MaltaToday | Books | A man called Guido
BOOKS | Sunday, 20 January 2008

A man called Guido

WENZU MINTOFF reviews former President Guido de Marco’s autobiography ‘The Politics of Persuasion’

It has been the unwritten convention ever since the birth of the Maltese republic, that former presidents stay away from political controversy not just during their tenure, but also retire completely from public life when that role comes to an end, save for some philanthropic work in the social and cultural fields.
This happens to be the practice in almost every Western state, except for those rare exceptions in which the person in question vents off some anger, as in the case of the former Italian president Francesco Cossiga and his famous outbursts (the Italian word is ‘esternazione’); although it must be said that in Italy the system is for a former Head of State to become a senator for life, and as everybody who follows Italian politics knows, Romano Prodi’s government is being just kept above the surface of the water by the votes of the life-senators.
On the other hand, in the United States of America where there are no royal families but the political dynasties of the Kennedy, Bush and recently the Clinton families, the former presidents in these dynasties enter the scrum of partisan politics to defend the interests of these ‘dynasties’ as Bill Clinton is doing by throwing his weight behind his wife Hillary’s candidature.
Certainly it is no coincidence that the former President of the Republic Guido Demarco decided to publish his autobiography ‘The Politics of Persuasion’ right now, just prior to the general elections when it is just a matter of days or weeks before they are called. There is no doubt of the deliberateness of the choice of date for the publication and the way this autobiography was written.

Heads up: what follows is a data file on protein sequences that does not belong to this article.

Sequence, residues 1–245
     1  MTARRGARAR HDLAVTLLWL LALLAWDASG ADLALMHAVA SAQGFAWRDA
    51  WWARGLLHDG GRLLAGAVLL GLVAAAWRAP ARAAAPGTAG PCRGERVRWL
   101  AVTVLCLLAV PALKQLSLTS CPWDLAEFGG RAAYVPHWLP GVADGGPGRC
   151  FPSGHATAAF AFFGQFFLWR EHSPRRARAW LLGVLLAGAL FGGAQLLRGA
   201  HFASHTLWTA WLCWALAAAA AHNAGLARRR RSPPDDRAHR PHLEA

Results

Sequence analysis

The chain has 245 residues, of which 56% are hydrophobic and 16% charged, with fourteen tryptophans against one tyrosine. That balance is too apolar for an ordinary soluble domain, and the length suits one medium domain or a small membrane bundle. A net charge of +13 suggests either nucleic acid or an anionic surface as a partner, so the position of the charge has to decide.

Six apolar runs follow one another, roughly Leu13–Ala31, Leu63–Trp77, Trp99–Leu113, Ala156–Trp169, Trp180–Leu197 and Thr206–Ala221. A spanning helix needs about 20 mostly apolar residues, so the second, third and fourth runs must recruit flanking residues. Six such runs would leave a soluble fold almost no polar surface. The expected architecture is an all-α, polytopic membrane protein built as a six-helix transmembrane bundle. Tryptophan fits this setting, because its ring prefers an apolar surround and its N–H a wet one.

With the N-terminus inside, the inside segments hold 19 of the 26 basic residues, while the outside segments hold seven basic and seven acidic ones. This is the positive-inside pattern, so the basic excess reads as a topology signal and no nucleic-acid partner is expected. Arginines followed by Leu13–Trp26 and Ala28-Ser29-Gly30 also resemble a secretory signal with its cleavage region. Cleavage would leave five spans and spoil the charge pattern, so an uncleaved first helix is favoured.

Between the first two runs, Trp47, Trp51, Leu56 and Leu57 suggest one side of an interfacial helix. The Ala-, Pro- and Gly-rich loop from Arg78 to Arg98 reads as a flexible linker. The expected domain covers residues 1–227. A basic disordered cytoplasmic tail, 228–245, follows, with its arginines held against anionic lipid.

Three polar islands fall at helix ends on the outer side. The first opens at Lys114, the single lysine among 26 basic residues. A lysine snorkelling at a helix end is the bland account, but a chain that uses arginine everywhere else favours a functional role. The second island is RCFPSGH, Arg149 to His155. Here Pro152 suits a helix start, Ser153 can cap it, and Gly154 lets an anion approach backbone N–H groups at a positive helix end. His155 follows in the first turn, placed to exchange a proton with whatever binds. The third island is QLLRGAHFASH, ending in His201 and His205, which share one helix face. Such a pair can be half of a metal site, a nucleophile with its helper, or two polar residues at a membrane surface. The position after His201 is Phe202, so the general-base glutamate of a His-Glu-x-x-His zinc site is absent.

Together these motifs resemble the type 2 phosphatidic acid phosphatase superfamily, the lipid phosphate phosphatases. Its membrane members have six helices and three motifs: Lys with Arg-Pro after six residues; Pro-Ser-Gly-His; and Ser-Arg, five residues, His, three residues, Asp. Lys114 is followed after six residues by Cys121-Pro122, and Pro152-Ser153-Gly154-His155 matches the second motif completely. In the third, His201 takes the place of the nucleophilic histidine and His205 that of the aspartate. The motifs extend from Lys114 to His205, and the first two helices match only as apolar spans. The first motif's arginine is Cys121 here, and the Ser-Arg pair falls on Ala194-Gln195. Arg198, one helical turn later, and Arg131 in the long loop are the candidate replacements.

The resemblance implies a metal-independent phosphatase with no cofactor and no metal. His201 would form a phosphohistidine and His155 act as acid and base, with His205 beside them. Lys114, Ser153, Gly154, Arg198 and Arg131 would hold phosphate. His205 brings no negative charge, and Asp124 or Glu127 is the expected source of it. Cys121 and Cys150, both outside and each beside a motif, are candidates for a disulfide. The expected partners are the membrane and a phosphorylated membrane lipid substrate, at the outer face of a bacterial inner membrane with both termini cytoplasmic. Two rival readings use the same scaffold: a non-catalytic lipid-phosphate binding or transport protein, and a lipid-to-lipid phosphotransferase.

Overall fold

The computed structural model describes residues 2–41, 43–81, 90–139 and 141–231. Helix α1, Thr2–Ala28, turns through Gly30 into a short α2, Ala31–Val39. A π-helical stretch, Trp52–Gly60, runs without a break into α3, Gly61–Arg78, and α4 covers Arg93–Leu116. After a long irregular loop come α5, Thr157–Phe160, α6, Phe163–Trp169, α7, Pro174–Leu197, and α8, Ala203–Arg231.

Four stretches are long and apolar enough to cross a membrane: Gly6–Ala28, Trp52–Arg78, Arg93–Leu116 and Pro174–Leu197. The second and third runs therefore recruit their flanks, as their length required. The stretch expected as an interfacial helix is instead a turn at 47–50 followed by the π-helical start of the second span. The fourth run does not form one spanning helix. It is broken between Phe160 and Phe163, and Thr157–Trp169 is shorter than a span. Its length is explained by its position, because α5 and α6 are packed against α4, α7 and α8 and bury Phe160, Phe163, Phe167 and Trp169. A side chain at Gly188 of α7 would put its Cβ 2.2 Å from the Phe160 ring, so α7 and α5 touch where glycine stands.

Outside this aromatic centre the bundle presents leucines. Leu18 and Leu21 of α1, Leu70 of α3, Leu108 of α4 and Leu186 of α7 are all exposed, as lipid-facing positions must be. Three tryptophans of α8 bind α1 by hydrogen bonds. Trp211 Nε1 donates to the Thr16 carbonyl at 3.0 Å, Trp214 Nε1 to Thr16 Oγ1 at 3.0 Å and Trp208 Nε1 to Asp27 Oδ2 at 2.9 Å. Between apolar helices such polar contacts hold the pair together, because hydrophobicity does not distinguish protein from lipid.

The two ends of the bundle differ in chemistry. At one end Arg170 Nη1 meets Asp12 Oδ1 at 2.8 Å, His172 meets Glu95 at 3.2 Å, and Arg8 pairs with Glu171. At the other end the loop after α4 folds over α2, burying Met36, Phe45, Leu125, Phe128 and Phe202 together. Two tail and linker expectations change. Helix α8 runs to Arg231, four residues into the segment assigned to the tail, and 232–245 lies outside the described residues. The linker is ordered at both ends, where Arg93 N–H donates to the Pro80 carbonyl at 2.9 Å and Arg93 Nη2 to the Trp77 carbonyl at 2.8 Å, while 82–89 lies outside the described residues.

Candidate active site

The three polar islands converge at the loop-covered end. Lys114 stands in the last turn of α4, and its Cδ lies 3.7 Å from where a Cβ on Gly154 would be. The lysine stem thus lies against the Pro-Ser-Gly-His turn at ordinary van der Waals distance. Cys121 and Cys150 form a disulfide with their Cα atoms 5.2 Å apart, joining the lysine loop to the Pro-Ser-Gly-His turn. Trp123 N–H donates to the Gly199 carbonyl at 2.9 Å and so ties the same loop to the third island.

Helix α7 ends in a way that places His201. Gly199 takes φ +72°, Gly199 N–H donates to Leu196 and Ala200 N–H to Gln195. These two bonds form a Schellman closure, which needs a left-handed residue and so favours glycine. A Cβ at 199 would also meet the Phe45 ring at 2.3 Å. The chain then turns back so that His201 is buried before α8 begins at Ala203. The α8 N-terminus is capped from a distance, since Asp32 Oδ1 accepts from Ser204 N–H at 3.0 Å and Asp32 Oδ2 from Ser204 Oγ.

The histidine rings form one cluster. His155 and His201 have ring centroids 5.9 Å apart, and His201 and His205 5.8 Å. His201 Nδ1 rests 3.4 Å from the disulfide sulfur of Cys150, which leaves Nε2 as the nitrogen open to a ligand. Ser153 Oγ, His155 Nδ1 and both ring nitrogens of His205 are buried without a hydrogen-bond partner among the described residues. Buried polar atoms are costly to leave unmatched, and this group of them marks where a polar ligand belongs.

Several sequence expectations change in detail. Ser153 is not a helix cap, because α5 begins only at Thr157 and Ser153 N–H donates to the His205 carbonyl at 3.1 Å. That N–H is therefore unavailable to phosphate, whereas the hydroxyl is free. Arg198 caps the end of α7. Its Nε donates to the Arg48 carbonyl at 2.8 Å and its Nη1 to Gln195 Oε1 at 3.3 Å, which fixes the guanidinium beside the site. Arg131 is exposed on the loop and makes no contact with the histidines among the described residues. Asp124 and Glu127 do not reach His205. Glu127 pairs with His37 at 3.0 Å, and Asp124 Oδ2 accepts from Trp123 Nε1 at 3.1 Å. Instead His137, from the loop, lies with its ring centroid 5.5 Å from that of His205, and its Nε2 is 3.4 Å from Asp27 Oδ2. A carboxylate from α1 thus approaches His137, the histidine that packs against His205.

Throughout many passages in this autobiography, Prof. Demarco once again becomes his party’s ‘paladin’ and without beating about the bush, he does not think twice about brushing aside the common custom that presidents and former presidents belong to Malta as a whole, and not just to any party. One can speculate over the motive why Demarco is publishing the story of ‘his life’ just now, and in a style of writing that in many instances attempts to blow on the burning embers of history. He might have been overcome by the sense of the protagonist found within every active or retired politician, and using his autobiography as a pretext, he gave in to this desire to once again immerse himself in the political battle.
Those harrowing events which took place in the period between 1981 and 1987 are often one of the cards constantly played by the Nationalists in every electoral campaign since. Of course, the more years pass since those times and for those who lived through those years, the less effective this card will be for obvious reasons. With the fact that the protagonists from the PN of those years are no longer with us or have become presidents: Censu Tabone, Guido Demarco, Ugo Mifsud Bonnici and now even Eddie Fenech Adami (due to the so called constitutional custom which does not permit former presidents to be divisive and partisan), there are few people left to speak of their personal experience during that time from a Nationalist perspective. Demarco’s autobiography has the duplicate effect that during the electoral campaign the surname Demarco can be continually in the news, a factor which indirectly benefits his son Mario who has kept the surname in Parliament. At the same time, the Nationalist strategists will have a good prop/backdrop which will enable them to rekindle certain stories from the past, where the collective memory would have otherwise started to wane.
You could say there is little we did not know in this autobiography when it comes to events in the history of our country in which Demarco was the protagonist on the frontline or in the backbench. But we do find various anecdotes and quaint stories which will provide some colourful and useful detail to whoever is yet to write of Malta’s socio-political history from the 70s to the 80s from a viewpoint which, as much as possible, will not be clouded by the political passion which stands out in Demarco’s book, and unfortunately even in the work of academic historians.